When one thinks of Italy, rolling hills; Vespas; and heavenly food and wine come to mind. But it’s not just mozzarella, prosciutto di Parma, Prosecco and wines that Italians are known for. Italy’s liquor production is renowned worldwide, too.
Limoncello – the famous Campan liquor made with lemons from Sorrento – will definitely ring a bell. But that’s just one of Italy’s finest spirits, also known as a “post-meal digestive” or “ammazza caffe” (literally translated “coffee killer”).
Another famous Italian liquor is the Amaro Montenegro, named after Princess Elena of Montenegro who married King Victor Emmanuel III. It’s a traditional amaro, or bitter, distilled in Bologna with a blend of 40 different botanicals.
If you find yourself in the Island of Ischia, ordering a Rucolino – Ischia’s traditional liquor – is a must. Its strong taste comes from the “ruchetta selvatica” or wild arucola that is found on the island.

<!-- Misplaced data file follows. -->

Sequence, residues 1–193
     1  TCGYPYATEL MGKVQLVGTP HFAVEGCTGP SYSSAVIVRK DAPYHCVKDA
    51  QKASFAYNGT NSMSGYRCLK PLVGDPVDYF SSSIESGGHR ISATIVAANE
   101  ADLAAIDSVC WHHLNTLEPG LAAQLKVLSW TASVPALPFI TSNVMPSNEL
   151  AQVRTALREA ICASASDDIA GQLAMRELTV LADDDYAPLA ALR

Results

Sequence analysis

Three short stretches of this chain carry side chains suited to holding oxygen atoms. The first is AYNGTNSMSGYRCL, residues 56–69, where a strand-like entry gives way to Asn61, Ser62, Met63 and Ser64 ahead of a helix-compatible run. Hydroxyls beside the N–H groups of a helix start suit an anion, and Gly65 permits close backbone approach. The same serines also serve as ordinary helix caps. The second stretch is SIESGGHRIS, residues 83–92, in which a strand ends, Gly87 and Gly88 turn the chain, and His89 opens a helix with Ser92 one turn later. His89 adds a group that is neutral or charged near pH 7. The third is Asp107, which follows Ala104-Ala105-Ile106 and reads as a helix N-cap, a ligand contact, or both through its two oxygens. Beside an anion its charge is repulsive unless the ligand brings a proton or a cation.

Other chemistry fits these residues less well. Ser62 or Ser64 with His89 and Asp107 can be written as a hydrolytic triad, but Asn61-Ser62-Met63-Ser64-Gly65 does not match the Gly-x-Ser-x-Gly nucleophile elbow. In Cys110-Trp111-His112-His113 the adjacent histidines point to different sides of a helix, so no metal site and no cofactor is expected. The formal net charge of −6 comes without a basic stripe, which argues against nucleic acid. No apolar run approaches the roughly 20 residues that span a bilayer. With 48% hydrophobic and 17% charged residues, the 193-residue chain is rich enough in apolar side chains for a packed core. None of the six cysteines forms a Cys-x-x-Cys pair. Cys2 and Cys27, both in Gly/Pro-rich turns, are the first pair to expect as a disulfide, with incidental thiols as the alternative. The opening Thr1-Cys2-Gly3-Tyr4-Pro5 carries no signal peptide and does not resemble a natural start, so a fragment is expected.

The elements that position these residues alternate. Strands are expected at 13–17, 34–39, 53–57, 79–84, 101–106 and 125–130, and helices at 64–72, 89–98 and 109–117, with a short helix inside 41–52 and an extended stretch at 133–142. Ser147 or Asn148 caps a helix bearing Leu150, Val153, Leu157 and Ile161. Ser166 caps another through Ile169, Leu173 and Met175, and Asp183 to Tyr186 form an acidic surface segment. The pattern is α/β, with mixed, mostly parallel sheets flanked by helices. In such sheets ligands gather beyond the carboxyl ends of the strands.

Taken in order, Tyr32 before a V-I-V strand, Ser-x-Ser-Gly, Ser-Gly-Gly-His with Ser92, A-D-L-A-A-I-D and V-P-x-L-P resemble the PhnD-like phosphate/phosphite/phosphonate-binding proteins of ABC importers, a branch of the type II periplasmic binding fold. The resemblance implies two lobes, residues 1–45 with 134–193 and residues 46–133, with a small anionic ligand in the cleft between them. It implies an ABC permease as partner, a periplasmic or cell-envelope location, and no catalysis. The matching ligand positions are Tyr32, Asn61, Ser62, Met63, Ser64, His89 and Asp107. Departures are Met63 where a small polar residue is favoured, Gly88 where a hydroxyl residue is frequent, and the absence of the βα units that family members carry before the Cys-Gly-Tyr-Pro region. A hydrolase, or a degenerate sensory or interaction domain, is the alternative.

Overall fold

When in Tuscany, the must-order post-dinner drink is Vin Santo, a sweet wine that is usually paired with cantucci – almond biscuits – that are dipped inside the Vin Santo!
Another you cannot miss is the sweet and fruity liquor prepared with sour cherries, red wine, alcohol and sugar known as Ratafia. This fantastic digestive has a purple and red color and can be found in many different variants around the Italian peninsula. The most famous regions that produce it are Piedmont and Abbruzzo.
When you want to go for something a little stronger, Grappa is the way to go. This spirit from the north of Italy is made by distilling the grapes’ peels, seeds and stems that are left over from wine making.
While the true essence of the Sardinian spirit is found in the famous Mirto – obtained from the alcoholic maceration of myrtle berries, a typical shrub of the Macchia Mediterranean.